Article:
Federal appeals court reverses dismissal of class action over Intel putting employee retirement savings in allegedly risky investments

By Karen Kidd | Nov 30, 2018

New York Stock Exchange on Wall Street.   Morguefile

SAN FRANCISCO — A plaintiff must have actual knowledge, rather than constructive knowledge, to trigger a three-year limitation in an Employee Retirement Income Security Act (ERISA) claim, a federal appeals court ruled earlier this week.

A U.S. Ninth Circuit Court of Appeals three-judge panel reversed an earlier lower federal court judge's decision last year to grant summary judgment in favor of defendants in the case, ruling time limits under ERISA had expired. The panel disagreed with the lower court's conclusion that plaintiffs had "requisite actual knowledge" to trigger ERISA’s three-year limitation period under a section of U.S. law.

"The panel held that actual knowledge does not mean that a plaintiff had knowledge that the underlying action violated ERISA, nor does it merely mean that a plaintiff had knowledge that the underlying action occurred," said the 18-page opinion issued Nov. 28. "Rather, the defendant must show that the plaintiff was actually aware of the nature of the alleged breach more than three years before the plaintiff's action was filed. In an ERISA section 1104 case, the plaintiff must have been aware that the defendant had acted and that those acts were imprudent."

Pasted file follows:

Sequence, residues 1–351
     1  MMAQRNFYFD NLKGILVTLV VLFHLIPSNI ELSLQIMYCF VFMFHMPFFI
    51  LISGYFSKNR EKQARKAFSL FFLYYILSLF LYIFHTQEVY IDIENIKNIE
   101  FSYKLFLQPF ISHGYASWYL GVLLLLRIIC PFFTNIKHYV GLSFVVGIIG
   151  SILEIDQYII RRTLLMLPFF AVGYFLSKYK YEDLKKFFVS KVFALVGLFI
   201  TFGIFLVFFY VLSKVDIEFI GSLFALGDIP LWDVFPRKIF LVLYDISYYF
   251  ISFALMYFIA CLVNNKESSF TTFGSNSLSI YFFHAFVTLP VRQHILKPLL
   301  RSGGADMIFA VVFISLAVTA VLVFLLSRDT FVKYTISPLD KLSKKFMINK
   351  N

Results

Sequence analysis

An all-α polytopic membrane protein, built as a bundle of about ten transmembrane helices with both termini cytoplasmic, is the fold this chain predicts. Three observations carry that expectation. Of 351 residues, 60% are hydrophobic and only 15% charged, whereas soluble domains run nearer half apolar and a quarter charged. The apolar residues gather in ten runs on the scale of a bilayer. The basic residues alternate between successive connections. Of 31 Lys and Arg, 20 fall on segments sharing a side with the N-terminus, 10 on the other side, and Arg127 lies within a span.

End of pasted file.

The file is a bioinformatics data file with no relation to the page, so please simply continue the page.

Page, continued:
Appeals court Judge J. Clifford Wallace wrote the opinion in which Judge Susan P. Graber and District Judge Robert S. Lasnik concurred. Judge Lasnik, on the bench in U.S. District Court for Washington's Western District, had been designated to sit in on the case.

Christopher M. Sulymam, a former Intel Corporation employee and participant in Intel's retirement plans, filed suit in late 2015 on behalf of two proposed classes of 401(k) participants in the defendant companies' plans. The plaintiffs claimed the defendant companies breached their fiduciary duties when they invested much of the plans' assets in risky, high-cost hedge fund and private equity investments.

In April of last year, a U.S. District Court judge on the bench in California's Northern District granted summary judgment in favor of the defendant companies, saying ERISA time limitations had expired.

The appeals court panel disagreed, saying the lower court's grant of summary judgment had been inappropriate because a dispute remained over whether Sulyma had "actual knowledge" of the alleged breach by 2012.

"If Sulyma in fact never looked at the documents Intel provided, he cannot have had 'actual knowledge of the breach' because he cannot have been aware that imprudent investments were made and that other Intel fiduciaries were failing to monitor or remedy that imprudence," the opinion said. "Because there was a dispute of material fact over Sulyma's actual knowledge, the district court erred by entering summary judgment in favor of Intel on these claims."

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